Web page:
Is there a more beautiful, peaceful, threatening sound than the sound of waves? Is there anything else that can make us feel free of problems and convention, while at the same time reminding us how small we are compared to nature? If you have never sat on a deserted beach, staring at the sea while being in awe of the waves, you should try it one day. If you are into field recordings however, you might have listened to so many recordings of the ocean that you might ask, and with good reason, what is the need for another album such as this one and what does it offer that cannot be found in one of the many other similar recordings done in the past. The question is of course unfair because all music, even the most experimental types, sound like something else and yet we are always capable of discovering reasons to praise them for their originality.
So what makes Seascape No. 1 special and worth listening to? First of all, every experience is unique, and the sounds captured in these recordings, made in Lincolnshire, on England’s east coast, are rather powerful: the intensity of the waves, the birds searching for food, the strong winds, all paint an environment not very friendly to civilization and the comforts that come with it. Daphine and Lyndsey felt they were capturing a little piece of infinity, and by observing that piece we are given the opportunity to discover again what is really important and change our priorities. The lack of noise produced by the built environment or technology, a lack of sound we often consider quietness becomes too intense to let us wallow in the absurdity of our everyday existence. The album becomes a wonderful meditative tool and relaxation exercise, which is exactly what one is looking for when searching for solitude and serenity.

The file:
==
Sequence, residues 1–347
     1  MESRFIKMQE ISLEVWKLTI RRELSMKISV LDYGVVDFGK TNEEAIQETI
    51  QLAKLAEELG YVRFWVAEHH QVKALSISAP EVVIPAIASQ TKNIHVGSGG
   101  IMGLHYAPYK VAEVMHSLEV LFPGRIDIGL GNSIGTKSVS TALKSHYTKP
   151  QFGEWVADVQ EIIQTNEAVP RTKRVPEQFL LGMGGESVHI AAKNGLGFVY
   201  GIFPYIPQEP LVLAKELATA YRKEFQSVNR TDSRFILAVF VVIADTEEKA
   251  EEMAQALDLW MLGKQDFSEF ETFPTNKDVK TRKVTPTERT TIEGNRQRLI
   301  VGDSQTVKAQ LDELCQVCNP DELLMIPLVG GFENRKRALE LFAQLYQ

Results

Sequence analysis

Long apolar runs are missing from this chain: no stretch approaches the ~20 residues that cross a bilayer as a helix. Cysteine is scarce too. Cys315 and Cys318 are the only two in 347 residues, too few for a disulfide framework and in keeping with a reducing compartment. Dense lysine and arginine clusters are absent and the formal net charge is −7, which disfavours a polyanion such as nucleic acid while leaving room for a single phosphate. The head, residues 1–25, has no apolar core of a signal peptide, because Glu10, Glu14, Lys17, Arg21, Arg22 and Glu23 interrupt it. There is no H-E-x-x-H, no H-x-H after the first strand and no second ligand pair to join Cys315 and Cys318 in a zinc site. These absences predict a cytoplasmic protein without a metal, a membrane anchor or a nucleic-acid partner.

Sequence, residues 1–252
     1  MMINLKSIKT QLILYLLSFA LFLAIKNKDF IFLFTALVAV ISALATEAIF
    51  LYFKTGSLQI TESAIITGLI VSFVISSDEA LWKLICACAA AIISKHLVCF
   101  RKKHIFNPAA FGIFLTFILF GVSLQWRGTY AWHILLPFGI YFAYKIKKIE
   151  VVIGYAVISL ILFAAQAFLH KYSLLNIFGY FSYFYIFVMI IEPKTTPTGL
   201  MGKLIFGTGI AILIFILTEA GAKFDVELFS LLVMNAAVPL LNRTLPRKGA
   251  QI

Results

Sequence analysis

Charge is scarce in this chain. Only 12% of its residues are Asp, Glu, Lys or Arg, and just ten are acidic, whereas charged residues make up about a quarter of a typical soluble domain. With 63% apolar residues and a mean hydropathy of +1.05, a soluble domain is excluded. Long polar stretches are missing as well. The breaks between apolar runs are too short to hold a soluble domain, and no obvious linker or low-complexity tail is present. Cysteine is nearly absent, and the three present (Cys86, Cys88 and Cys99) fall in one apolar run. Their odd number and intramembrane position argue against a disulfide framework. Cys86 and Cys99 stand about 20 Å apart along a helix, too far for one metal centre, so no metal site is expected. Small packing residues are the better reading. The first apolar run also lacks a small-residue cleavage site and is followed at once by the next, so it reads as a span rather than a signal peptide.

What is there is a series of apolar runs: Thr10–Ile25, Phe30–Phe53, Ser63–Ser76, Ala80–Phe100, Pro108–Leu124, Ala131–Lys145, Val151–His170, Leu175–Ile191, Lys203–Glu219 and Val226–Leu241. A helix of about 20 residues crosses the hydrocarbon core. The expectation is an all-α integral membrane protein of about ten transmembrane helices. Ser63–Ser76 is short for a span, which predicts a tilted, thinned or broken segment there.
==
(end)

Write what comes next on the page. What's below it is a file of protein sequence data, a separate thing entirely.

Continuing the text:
There isn’t much more that can be said about field recordings that are not processed at all, other than the fact that the album does seem to take us on a trip to Lincolnshire and let us share the wonderful time Daphine and Lyndsey had. The album comes with a photographic pamphlet which I don’t have, but I am sure makes the experience more personal. (John Kontos)